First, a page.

Share this article

print logo

Getting nimbler, Motorola splits in two: Mobility and Solutions

Motorola, the 82-year-old consumer electronics pioneer responsible for early televisions, cell phones and even the first broadcast from the moon, split into two companies Tuesday in a reflection of changing markets.

As separate companies -- Mobility, targeting consumers, and Solutions, for professionals -- the two will have simpler stories to tell investors and a nimbler approach to developing cutting-edge products such as tablet computers.

Sanjay Jha, CEO of consumer-focused Motorola Mobility Holdings, said in an interview that the new company will benefit from a narrower focus, all the way up to the top management and the board of directors.

"I think you'll see a board that is much more focused on understanding technology as opposed to managing a portfolio of products," Jha said.

For decades, Motorola's products told the story of the march of electronics into the hands of consumers: car radios in the 1930s, TVs in the '40s and cell phones starting in the '80s.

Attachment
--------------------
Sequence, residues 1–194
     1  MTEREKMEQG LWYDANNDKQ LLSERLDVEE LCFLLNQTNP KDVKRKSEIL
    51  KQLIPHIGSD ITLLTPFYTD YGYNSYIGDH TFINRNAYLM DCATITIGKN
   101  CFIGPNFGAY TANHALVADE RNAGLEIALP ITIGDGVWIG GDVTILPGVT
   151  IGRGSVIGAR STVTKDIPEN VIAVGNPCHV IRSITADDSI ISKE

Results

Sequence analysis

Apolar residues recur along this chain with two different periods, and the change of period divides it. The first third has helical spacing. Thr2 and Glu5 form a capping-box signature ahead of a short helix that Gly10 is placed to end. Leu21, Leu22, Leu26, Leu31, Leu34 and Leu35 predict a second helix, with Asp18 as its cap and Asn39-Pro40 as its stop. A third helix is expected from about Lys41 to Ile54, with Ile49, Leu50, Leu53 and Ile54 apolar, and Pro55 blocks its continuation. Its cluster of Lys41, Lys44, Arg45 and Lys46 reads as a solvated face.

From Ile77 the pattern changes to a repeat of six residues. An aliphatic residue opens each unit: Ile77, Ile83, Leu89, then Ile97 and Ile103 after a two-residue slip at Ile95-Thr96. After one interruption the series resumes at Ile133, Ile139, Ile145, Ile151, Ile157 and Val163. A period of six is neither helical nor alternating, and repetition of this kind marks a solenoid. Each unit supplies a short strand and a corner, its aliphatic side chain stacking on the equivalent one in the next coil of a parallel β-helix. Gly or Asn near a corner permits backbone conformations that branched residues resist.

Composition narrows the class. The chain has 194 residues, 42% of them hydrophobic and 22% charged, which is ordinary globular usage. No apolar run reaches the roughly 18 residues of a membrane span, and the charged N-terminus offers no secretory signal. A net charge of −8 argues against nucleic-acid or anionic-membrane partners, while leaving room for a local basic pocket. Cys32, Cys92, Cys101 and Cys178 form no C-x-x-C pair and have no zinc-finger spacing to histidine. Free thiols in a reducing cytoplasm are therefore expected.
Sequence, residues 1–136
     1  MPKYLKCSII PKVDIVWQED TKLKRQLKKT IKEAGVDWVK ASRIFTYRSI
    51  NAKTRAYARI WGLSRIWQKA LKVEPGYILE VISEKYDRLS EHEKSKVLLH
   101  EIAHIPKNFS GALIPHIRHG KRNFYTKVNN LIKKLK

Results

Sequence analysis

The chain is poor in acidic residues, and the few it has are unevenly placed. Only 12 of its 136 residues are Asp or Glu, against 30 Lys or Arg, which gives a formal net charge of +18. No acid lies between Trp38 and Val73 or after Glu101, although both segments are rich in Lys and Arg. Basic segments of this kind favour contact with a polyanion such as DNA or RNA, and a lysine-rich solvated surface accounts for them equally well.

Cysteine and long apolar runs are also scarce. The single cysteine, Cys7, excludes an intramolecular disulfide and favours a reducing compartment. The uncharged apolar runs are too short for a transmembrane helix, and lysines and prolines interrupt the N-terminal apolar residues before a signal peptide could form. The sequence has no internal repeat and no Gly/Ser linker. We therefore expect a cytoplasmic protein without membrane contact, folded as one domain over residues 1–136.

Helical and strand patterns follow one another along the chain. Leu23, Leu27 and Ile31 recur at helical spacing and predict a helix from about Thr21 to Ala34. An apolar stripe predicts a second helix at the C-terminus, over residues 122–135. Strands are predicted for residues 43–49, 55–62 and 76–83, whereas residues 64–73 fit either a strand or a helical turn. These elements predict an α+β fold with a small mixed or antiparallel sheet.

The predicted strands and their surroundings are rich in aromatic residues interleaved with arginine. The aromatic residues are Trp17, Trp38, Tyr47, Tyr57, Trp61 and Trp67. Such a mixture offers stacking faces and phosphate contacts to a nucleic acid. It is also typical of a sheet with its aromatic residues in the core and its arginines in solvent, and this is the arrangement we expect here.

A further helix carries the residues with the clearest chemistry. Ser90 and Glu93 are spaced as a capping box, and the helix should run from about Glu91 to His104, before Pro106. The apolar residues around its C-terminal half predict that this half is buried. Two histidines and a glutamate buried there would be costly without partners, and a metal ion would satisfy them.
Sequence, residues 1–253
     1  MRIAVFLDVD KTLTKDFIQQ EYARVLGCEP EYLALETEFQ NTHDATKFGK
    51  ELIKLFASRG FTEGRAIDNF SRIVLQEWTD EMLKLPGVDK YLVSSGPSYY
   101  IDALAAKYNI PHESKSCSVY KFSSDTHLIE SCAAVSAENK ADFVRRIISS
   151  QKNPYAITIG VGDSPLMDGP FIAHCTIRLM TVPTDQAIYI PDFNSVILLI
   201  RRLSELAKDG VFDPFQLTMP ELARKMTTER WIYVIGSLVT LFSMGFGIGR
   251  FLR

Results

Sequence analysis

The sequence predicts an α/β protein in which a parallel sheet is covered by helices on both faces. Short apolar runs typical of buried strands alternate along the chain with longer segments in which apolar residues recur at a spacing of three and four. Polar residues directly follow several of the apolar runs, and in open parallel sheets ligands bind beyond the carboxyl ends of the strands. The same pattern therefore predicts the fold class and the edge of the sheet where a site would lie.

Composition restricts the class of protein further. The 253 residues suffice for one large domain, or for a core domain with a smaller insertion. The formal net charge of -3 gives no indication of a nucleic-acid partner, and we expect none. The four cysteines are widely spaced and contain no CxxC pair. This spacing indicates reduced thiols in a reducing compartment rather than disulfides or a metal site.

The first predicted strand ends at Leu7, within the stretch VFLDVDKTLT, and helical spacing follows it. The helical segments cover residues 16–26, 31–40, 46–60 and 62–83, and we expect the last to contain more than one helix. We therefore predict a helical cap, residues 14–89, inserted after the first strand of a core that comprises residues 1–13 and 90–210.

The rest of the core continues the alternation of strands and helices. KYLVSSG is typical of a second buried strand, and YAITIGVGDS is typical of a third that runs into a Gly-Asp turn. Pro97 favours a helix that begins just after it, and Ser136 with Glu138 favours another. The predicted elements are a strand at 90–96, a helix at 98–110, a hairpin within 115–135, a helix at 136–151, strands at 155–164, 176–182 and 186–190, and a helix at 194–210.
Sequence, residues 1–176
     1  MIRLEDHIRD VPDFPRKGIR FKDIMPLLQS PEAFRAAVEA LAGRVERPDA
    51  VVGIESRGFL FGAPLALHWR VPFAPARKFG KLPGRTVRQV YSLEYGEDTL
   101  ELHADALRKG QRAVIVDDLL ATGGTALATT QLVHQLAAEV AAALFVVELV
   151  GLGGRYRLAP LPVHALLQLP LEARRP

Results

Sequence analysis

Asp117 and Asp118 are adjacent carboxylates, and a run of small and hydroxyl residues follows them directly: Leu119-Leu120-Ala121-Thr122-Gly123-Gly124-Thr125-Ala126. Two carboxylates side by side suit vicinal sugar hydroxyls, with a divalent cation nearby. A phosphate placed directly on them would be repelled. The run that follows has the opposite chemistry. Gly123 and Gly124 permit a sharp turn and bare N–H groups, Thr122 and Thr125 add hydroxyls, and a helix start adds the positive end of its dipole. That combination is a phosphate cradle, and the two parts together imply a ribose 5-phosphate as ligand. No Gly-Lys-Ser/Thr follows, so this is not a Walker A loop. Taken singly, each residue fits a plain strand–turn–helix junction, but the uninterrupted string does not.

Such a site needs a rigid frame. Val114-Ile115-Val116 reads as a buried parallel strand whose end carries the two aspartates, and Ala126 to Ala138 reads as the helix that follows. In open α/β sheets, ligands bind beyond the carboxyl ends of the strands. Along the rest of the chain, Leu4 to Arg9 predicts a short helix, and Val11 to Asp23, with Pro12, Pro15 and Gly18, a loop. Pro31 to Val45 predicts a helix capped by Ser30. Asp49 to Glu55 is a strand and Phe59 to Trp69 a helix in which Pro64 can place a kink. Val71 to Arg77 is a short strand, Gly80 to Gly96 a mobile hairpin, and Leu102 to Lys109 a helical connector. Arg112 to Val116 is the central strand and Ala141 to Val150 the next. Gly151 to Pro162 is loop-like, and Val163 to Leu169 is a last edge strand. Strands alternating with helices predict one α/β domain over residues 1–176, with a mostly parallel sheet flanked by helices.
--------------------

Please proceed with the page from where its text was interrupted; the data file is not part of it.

The company also expanded into police radios and bar code scanners aimed at government agencies and large businesses. These divisions complicated the picture Motorola painted for investors; now they make up the second company, Motorola Solutions.

With the breakup comes a shrunken bureaucracy, which both companies hope will help them make faster decisions and compete better in the marketplace.

Especially in the consumer business, Motorola can't afford to take its time incubating new products while subsisting on revenue from other divisions, Jha said.

Dan Maloney, Mobility's president, also said a smaller company that excels at just a few things might spur employees to be more creative.

"Inside Motorola, it was difficult at times for employees to understand how what they were doing was going to directly have an impact on financial performance because it was such a large, multifaceted entity," he said.

As part of the breakup, Motorola is selling its cellular network equipment division to Nokia Siemens Networks, a Finnish-German joint venture. Regulators in China are still reviewing the $1.2 billion sale, which is expected to close in the next three months.

Motorola's cell phone division once enjoyed strong sales thanks to the Razr, a 2004 feature phone that became a best seller. As recently as 2007, cell phones accounted for two-thirds of the company's revenue. But without a blockbuster smart phone, the division fell into a slump that lasted until the most recent quarter.

Shares of Motorola Mobility Holdings climbed by $2.88, or 9.5 percent, to close at $33.12 Tuesday. Motorola Solutions' stock closed unchanged at $39.77. The shares were trading on the New York Stock Exchange with the ticker symbols MMI and MSI, respectively.

There are no comments - be the first to comment